FIG. 11A shows a flow chart for processing within the host processor, according to the teachings of the present invention. The display data manager program receives an inbound 5250 data stream from the workstation controller. This inbound data stream may include information relating to recent keystrokes made by the user at a remote terminal; the inbound data stream is transferred into memory locations within the host processor. The display data manager program and the host application program then analyze the inbound data to process the information contained therein, by examining the data associated with each of the display screen entry fields. The application program defines panel elements for the next display screen and the display manager program constructs an output data stream. With respect to each element of data being examined, the host data manager program determines whether the element is an edit mask panel element. If it is not, the data is processed according to prior art teachings; if it is, the host processor defines and distinguishes the entry field as an edit mask entry field with pairs of a mask character and a mask position within the entry field, so that it may be preserved in constructing a suitable output data stream.

It should be recognized that, when the host application program constructs a first output data stream for an initial display at a remote terminal, the entry fields and the edit mask elements must be wholly defined, in order that these elements may be identified in the workstation controller when the data stream is disassembled.

After the host processor has assembled a data stream, either in response to an incoming keystroke or as a result of initially constructing a data stream for a remote terminal screen display, it stores the data stream in an output transmission buffer, and activates transmission of the data stream to the workstation controller. This data stream incorporates markers not only indicating the end points of entry fields, but also contains markers indicating the edit mask elements.

FIG. 11B illustrates the processing activities which occur within the workstation controller according to the teachings of the present invention. A 5250 data stream which has been transmitted from the host processor to the workstation controller is initially stored in memory locations within the workstation controller. The workstation controller then constructs a format table to define display entry fields (start and end locations, and mask characters and positions for an edit mask entry field), screen images, etc., and stores this information in its memory; it then writes mask characters into the screen panel display image and loads the formatted screen images into a transmission buffer, and activates the transmission to the terminal. The workstation controller performs some validation checking on edit mask entry fields; making sure mask positions are within the entry field and the field contains at least one non-mask position. The terminal processes the information according to techniques well known in the art, with the result that the terminal display screen receives a new or modified image as dictated by the host application program, and this image includes the entry fields with edit mask characters positioned according to the layout determined by the host application program.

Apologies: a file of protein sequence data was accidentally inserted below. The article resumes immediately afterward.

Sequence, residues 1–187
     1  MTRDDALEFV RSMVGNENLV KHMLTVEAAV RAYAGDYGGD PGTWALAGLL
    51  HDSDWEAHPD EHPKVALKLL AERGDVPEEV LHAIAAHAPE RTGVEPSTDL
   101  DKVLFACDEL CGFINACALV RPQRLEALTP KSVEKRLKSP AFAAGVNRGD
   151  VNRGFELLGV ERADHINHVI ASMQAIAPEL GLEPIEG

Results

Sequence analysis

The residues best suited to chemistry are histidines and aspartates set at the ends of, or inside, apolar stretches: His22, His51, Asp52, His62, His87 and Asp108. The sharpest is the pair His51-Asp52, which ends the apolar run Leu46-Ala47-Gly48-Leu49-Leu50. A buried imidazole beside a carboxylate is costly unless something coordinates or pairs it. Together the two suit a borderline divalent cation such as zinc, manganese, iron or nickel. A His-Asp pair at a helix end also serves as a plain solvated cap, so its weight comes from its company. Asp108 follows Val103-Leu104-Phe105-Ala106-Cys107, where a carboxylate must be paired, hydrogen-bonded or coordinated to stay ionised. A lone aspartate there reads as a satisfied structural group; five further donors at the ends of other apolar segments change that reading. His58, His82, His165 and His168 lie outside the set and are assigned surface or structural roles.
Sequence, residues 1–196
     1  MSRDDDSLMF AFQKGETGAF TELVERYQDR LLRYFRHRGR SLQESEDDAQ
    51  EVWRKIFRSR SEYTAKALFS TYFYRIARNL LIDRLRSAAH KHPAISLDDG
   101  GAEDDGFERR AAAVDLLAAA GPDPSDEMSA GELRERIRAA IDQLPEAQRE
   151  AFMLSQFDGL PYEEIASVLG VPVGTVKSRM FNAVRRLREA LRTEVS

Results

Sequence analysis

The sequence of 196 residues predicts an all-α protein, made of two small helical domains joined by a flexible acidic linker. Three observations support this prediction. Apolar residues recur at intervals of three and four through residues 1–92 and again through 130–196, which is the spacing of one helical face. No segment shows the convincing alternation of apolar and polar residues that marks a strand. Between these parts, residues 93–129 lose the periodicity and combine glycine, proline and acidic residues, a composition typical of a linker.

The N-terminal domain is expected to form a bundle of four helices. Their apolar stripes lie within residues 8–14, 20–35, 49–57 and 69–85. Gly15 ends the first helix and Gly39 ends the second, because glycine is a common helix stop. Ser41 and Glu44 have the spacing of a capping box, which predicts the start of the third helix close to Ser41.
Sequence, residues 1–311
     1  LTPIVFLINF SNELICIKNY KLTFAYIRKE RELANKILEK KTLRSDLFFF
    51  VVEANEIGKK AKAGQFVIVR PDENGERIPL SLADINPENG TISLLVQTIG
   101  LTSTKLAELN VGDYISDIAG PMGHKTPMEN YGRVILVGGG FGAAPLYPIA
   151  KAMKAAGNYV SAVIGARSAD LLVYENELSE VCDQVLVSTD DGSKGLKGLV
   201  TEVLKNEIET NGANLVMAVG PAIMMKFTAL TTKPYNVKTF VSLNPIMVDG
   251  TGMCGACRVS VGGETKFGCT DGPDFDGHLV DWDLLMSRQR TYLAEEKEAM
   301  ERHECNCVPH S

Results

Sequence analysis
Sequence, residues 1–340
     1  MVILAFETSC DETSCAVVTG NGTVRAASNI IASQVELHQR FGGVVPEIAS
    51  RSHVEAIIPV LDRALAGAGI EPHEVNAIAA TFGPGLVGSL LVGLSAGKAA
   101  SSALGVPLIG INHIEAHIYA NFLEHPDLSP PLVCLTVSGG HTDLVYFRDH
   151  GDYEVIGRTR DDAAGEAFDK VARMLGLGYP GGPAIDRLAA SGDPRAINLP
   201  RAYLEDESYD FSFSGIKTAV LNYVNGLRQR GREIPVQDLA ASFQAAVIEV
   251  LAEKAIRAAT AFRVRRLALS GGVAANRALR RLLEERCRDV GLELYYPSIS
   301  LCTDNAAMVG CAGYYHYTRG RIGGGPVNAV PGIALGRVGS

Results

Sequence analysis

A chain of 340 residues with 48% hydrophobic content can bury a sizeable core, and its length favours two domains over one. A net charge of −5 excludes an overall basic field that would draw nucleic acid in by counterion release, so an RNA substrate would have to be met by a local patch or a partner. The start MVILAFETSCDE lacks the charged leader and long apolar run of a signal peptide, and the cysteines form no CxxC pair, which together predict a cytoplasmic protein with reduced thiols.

When an operator keystroke is made, the terminal transmits this keystroke information to the workstation controller, which stores it in memory. The workstation controller then makes an initial determination whether the keystroke requires processing by the application software. If it does not, the workstation controller performs the processing according to the flow chart shown in FIG. 12A. If the keystroke requires further processing by the host application software, the keystroke information is loaded into an inbound data stream buffer. If the keystroke information does not contain entry field data required to be sent to the host processor, the information is immediately transmitted to the host processor. If the keystroke information does include entry field data, the workstation controller will "read" the display screen information contained at the remote terminal, by sending a "read" command to the terminal; the terminal returns the requested display screen data, and the workstation controller stores this data in a temporary buffer for processing. In determining whether all entry fields displayed have been processed, the workstation controller examines each entry field to determine whether it has edit mask characters; if it does not, the entry field is copied into a buffer and the next entry field is examined. If it does, the entry field is copied into the buffer, without the mask characters, and the next entry field is examined. After all entry fields have been processed, the workstation controller activates a transmission to the host processor, as before.